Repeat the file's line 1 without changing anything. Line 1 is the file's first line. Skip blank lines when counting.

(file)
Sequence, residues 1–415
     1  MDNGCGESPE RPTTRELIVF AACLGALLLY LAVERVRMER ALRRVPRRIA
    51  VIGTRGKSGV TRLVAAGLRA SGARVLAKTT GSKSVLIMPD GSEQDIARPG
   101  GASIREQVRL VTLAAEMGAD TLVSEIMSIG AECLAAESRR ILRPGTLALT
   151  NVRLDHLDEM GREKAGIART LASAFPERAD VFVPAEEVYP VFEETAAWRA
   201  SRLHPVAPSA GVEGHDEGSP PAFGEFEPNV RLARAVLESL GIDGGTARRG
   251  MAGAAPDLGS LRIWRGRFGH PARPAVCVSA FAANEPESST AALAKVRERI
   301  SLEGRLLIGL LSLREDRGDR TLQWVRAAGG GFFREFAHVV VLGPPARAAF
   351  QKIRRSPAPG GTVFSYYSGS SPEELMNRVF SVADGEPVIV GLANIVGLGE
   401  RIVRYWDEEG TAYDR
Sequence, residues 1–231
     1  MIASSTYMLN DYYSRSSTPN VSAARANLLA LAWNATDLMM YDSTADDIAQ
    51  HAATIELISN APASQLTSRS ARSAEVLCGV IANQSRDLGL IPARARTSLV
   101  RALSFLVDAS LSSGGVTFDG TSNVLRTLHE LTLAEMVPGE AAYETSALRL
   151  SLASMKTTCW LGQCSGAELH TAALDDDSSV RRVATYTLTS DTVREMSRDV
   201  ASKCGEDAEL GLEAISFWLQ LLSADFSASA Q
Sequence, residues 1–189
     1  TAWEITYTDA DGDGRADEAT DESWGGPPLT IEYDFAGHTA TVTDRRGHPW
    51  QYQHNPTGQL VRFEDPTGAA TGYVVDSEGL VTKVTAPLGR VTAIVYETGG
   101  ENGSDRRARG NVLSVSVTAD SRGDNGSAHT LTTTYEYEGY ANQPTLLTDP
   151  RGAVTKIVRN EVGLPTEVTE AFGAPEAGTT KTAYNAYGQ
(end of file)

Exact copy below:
Sequence, residues 1–415